So, you’re going to get laid. Perhaps with your long-term partner/spouse or you intend to hook-up with a hottie at a bar. Either way, bravo! And you’re committed to practicing safe sex. Double bravo!! 

The barrier method – aka condoms – have proven to be the most effective not just in containing the risk of unwanted pregnancies but also sexually-transmitted infections and diseases. Yet, condoms remain a somewhat unwanted and mishandled part of the sexual puzzle. But it doesn’t need to be that way. This lowdown on the basic condom etiquette on buying, storing and disposing of protection will make sure the barrier method doesn’t become a barrier in your sexual pleasures.

How to Buy Condoms? 

Condoms are readily available in all pharmacies and drug stores, besides certain health centres even distribute these for free. All you’ve got to do is go in and ask. The taboo around everything to do with sex can make this process somewhat awkward, especially if you’re new at this or are buying your first pack. Just shed the inhibitions. Neither the salesperson nor other buyers in the store will judge you for it. And even if they do, why care! If anything, you should be proud of making a responsible choice. 

Now, comes the tricky part of which condoms to buy. They come in different in types – regular, extra thin, ribbed, dotted, long-lasting and many, many more. The more exotic the name, the higher the chances of it having been enhanced with some lubricants or other materials. The dotted and ribbed ones, for instance, are known to cause extra friction, which may cause discomfort to some women. Similarly, a lot of people are allergic to latex, which is the most common material used for making condoms. If that applies to you or your partner, look for ones made of nitrile or other materials.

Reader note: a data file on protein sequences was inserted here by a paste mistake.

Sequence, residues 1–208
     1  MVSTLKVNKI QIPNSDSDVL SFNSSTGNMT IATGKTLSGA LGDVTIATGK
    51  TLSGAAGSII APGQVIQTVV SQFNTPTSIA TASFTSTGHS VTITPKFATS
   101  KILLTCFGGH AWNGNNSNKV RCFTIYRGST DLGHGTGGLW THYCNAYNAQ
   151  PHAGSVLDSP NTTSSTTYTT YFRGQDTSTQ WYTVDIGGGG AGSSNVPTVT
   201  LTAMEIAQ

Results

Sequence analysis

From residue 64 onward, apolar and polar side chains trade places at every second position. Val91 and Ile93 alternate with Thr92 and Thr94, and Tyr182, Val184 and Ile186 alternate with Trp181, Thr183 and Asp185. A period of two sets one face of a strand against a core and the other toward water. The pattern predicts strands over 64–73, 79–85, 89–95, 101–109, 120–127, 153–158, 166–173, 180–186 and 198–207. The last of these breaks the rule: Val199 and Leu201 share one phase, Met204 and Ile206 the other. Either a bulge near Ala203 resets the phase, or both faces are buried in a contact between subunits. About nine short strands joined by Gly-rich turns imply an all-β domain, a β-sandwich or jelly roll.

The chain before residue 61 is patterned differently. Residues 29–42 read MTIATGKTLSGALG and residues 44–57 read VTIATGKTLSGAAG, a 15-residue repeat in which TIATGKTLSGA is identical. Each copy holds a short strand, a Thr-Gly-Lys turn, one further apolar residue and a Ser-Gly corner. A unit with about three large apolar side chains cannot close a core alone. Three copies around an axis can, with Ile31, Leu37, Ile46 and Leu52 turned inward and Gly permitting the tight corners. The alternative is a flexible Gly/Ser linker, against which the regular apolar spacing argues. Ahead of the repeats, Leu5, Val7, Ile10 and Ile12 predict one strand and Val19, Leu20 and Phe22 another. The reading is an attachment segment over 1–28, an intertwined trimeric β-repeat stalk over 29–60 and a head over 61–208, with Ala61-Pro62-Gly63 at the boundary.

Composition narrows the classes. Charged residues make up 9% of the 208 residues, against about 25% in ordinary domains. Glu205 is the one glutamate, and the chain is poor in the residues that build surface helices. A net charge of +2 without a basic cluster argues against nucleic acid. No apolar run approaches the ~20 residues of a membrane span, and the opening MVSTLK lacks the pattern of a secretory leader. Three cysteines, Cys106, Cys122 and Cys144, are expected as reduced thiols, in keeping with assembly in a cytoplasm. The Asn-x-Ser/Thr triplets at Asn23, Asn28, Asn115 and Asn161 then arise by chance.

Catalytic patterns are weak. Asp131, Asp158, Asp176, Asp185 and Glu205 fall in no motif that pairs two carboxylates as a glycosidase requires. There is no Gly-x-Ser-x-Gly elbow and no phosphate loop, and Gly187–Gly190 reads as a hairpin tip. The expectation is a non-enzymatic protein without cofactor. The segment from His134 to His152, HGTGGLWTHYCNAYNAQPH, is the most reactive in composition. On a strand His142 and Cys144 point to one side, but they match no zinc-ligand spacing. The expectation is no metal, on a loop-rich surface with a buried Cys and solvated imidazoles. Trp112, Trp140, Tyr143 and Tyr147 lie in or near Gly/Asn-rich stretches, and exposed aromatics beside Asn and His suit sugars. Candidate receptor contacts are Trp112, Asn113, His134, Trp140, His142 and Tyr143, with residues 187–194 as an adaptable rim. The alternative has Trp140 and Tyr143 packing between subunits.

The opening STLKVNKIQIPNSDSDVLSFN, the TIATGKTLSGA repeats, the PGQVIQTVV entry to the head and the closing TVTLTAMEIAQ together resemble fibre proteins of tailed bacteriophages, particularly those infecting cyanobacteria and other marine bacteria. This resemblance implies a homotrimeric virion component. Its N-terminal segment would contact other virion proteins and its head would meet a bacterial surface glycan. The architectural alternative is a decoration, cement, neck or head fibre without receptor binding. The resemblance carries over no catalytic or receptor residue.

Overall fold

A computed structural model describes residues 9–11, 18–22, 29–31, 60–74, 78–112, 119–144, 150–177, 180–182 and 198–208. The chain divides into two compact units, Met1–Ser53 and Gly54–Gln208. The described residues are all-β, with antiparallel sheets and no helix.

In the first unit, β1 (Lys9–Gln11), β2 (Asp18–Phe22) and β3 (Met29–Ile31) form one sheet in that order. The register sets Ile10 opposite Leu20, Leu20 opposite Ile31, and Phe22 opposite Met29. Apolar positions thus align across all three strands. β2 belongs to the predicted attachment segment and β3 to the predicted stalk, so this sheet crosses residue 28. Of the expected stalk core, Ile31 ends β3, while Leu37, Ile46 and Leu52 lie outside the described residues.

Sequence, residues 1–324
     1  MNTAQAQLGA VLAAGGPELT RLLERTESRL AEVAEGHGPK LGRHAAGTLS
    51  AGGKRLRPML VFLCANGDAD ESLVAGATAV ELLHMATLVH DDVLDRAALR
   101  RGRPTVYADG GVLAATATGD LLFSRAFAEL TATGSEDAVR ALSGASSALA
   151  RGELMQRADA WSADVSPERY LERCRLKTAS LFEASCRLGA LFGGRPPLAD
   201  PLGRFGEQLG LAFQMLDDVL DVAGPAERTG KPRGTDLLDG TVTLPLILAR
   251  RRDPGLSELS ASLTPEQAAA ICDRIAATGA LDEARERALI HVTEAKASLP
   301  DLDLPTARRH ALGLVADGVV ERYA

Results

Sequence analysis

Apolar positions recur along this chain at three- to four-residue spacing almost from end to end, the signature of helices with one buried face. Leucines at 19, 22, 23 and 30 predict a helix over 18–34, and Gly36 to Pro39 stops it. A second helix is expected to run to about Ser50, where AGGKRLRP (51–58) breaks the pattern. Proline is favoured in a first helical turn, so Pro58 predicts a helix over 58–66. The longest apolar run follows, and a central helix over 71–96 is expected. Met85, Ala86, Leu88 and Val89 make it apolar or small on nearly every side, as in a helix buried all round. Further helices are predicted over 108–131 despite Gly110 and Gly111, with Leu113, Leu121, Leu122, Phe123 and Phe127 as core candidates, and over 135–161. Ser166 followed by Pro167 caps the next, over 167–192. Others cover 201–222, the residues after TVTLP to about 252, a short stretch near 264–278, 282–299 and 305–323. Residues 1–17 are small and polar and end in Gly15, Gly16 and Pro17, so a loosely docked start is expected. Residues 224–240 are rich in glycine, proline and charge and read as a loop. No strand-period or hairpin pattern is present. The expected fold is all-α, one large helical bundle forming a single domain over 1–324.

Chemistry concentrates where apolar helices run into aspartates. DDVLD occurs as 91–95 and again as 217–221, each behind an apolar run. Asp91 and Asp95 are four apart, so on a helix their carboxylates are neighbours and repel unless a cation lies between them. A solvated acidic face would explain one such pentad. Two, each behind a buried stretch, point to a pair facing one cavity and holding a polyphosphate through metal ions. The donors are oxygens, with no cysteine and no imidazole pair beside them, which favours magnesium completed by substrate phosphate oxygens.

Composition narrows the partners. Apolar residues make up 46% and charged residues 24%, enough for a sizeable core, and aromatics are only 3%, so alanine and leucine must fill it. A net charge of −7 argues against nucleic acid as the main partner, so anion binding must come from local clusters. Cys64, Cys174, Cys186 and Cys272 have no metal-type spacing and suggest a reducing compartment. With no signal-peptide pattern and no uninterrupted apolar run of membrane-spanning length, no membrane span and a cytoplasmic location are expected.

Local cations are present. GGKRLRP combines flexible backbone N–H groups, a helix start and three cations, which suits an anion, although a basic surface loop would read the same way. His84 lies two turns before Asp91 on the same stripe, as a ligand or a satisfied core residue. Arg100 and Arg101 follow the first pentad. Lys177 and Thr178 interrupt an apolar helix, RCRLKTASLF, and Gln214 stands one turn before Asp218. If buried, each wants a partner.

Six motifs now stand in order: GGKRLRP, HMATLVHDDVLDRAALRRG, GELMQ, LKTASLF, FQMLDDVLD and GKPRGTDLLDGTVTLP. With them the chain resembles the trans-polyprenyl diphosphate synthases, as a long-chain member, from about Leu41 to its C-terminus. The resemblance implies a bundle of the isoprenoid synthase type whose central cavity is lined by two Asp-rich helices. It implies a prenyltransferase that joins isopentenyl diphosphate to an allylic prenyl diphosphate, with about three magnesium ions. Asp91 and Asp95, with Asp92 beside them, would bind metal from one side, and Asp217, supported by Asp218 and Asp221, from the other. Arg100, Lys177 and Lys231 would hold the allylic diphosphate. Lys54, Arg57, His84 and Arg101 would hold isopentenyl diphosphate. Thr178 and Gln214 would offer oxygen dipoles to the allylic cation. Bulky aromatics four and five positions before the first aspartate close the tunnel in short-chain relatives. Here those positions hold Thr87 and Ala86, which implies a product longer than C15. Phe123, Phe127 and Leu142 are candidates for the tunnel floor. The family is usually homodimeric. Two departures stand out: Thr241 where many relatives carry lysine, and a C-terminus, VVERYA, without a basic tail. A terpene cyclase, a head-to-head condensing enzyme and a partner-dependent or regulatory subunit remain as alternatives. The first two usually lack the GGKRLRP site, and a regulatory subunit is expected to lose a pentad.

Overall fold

The safest best always is to choose a regular condom, sans any performance-enhancing abilities, to begin with. If you and your partner feel comfortable with the idea, you can experiment with more features as you go along.

Where to Store Condoms? 

Now, this is definitely one aspect that many users tend to overlook. ‘It’s a condom, I can keep it wherever the heck I want’ you think. Well, think again! Condoms must be stored in cool, dry places with temperatures not exceeding 32 degrees for them to be able to do the job they are designed for. With that in mind, here are some dos and don’ts for condom storage: 

  • Do not store them in wallets. Remember what happened when Ross used that one-year old condom lying around in his wallet? Emma!
  • Do not store them in the glove box of your car either, because those places tend to heat up a lot. 
  • Use a ‘first in, first out’ policy – meaning you use the ones you bought first, provided they are not past their expiration date, and then move on to newer stash. 
  • You can store them in toiletry bags, tampon cases, sock drawers, or any empty case or bag you have lying around the house. 
  • In case you’re traveling, pack them in a side pocket of your bad away from sharp objects. 

How to Dispose of Condoms?

Taking off and disposing of a condom requires some careful thought and action. Just pulling it out with a jerk can cause some nasty spills. And flushing it down the toilet is a big NO-NO. 

Here’s what you should instead: 

  • Men must pull the condom out from its tip; whereas women should pinch the surface around the outer ring and twist it before pulling out. This helps keeps the body fluids intact inside. 
  • Once out, tie a knot around it, just like you’d with a balloon, for the same reason – to keep the contents inside. 
  • Wrap it up in a paper towel or tissue paper. 
  • Throw in the dustbin. 

And that’s all there is to it. These small steps can go a long way in preventing long-term ‘accidental’ consequences. After the first few times, the process will become second nature to you.